Video Tips: How to Photograph Lightning

Video Tips: How to Photograph Lightning

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Storms and bad weather doesn’t mean you have to stop shooting and go indoors. In fact, sometimes you can get more dramatic images in bad weather. So in this article, we’ve found two video tips to help you learn how to photograph lightning.

Adorama TV – Shooting Lightning

In this video, Mark Wallace gives you the 8 steps he uses to photograph lightning.

Here are the 8 steps Mark recommends:

  1. Set your camera to Manual Mode.
  2. Set your shutter speed to 30 seconds.
  3. Select an aperture of f/10.
  4. Set the ISO to 100.
  5. Shoot in RAW format.
  6. Set your focus on manual mode, and focus just shy of infinity.
  7. Use a wide-angle lens.
  8. Put your camera on a tripod.
  9. BONUS: Use a remote shutter release to trigger the camera.

Lightning Photography Tutorial

Next, photographer Pecos Hank has a great tutorial on photographing lightning.

He covers some of the same tips as the first video, and a few others as well such as the opportunity to also make a time-lapse of your lightning photos.

For other storm photography or chasing tips read:

So get out there and photograph some lightning, but stay safe!

Read more from our Tips & Tutorials category

Darlene Hildebrandt is an educator who teaches aspiring amateurs and hobbyists how to improve their skills through articles on her site Digital Photo Mentor, online photography classes, and travel tours to exotic places like Morocco and India. To help you at whatever level you're at she has two email mini-courses. Sign up for her free beginner OR portrait photography email mini-course here. Or get both, no charge!

  • Carolina

    Thank you for this post… I have a question regarding tip #6: Set your focus on manual mode, and focus just shy of infinity. Setting the focus to infinity is easy if you have the focus distance marked on the lens, but my canon kit lens (18-55) or 55mm doesn’t have anything marked on it so how to know if I’m focusing to infinity? Any help is highly appreciated. Regards, Carolina.

  • Von Will

    Assuming you are using your shortest focal length 18 mm so you can capture your widest angle of view and widest aperture (f/3.5?) focus on an object at 150 feet or greater away you will be in hyperfocal distance for your whole focal range from 18-55mm. You can also use an app or online depth of field calculator to help determine infinity for your lens. https://www.flickr.com/photos/phyguy https://uploads.disquscdn.com/images/a5c89ec8da3d4479b752f22887efca2fb12d757994cb94a0b2cf015ea8d0a79c.jpg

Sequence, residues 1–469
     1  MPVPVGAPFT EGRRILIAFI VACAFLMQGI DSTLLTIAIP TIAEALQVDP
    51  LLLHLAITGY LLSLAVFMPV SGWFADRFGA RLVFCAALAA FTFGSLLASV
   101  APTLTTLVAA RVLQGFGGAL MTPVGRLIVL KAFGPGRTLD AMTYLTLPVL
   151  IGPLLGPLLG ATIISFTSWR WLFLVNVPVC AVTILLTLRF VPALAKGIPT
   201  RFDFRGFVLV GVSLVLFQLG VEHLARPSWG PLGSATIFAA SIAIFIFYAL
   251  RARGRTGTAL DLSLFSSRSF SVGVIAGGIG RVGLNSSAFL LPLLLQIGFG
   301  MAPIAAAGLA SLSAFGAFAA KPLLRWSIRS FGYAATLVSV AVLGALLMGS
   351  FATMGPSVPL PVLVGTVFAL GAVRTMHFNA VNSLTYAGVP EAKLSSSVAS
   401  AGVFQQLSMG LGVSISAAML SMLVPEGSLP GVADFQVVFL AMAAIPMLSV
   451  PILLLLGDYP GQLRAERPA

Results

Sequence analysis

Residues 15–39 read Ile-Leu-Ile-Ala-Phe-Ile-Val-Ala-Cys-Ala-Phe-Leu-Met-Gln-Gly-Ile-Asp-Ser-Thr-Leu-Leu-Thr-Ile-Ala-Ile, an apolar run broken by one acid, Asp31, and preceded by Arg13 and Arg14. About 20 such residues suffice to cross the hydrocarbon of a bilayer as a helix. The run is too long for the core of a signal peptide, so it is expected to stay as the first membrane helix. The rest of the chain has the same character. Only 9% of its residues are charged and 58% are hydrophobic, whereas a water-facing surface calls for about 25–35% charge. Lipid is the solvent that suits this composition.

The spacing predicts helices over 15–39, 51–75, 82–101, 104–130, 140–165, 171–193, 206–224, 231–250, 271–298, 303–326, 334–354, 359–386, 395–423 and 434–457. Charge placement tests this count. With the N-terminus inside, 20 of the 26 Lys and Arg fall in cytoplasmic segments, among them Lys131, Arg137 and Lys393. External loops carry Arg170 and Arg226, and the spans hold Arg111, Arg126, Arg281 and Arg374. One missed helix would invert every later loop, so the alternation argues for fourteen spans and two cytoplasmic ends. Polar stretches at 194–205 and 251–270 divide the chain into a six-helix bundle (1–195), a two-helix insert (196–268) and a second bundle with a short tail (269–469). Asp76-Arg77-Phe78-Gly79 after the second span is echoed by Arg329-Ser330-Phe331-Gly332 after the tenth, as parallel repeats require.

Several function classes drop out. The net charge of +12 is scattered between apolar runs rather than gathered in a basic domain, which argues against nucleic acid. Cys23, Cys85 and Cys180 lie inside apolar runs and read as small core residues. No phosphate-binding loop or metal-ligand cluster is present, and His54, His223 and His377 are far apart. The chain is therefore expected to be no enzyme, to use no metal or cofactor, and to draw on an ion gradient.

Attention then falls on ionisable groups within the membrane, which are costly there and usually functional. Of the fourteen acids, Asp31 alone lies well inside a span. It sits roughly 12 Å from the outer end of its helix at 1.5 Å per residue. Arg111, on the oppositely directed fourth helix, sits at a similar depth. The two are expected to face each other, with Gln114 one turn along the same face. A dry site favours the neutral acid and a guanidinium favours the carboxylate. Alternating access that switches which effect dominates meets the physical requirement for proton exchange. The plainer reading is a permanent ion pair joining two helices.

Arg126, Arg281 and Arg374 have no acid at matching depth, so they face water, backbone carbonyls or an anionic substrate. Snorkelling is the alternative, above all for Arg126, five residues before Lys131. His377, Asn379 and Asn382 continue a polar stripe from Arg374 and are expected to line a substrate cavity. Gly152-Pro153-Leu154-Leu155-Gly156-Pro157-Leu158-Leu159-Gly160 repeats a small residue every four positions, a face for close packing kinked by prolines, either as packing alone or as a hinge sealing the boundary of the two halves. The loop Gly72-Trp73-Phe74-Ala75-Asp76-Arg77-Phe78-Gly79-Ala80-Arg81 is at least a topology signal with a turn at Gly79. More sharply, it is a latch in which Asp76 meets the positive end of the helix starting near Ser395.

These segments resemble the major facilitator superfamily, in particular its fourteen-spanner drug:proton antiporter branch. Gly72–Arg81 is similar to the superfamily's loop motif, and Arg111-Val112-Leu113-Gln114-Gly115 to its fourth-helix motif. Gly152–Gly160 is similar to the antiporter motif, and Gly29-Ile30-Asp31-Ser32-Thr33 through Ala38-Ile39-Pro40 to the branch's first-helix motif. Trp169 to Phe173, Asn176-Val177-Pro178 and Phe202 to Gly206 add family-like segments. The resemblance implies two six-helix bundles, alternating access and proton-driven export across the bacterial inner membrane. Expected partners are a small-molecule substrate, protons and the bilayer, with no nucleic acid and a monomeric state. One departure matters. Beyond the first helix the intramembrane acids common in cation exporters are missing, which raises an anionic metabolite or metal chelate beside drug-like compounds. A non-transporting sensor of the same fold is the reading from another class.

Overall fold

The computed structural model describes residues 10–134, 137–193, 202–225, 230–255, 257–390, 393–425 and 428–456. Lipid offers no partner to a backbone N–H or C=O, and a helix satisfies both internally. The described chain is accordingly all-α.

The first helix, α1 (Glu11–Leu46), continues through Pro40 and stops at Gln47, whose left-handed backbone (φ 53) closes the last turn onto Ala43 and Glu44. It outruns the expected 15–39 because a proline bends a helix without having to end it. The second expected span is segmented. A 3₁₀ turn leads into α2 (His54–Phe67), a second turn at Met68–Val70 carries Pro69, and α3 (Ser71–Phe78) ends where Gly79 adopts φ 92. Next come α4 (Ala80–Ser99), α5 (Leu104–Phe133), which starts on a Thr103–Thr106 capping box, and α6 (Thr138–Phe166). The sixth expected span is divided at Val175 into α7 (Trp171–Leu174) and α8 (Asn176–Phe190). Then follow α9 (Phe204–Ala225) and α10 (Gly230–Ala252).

• Von Will
  • Carolina

    Thank you very much! I’ll give it a try.

  • Rob

    With long exposures you better close your viewfinder? 🙂

  • E.L. Bl/Du

    great article ,videos, great timing for these videos. I always learn something valuable from your articles. Thanks.

  • E.L. Bl/Du

    thanks for that question Carolina and thanks Von for the photos and answers. I had the same question, so appreciate it. I think Im outgrowing my kit lens. would this work w. the 50mm fixed or fisheye? Thanks in advance

  • Von Will

    Yes it will, for a fish eye the hyperfocal distances would be even shorter maybe 10 feet with the 50 mm I would try 100 ft. Here is a link to a great DPS articular about finding hyperfocal distance. Happy shooting.

  • Michael Barnes

    my friend always does this as his pentax seems to get light leeking from the viewfinder. never had an issue with my Nikon!

  • E.L. Bl/Du

    awesome answers! Thanks so much 4 the link too. I got my 1st rainbow yesterday! yay…. its so fun learning these things.

  • Januar Samuel

    With long exposures you better close your viewfinder
    Canon MX920 Driver and Canon MX922 Driver

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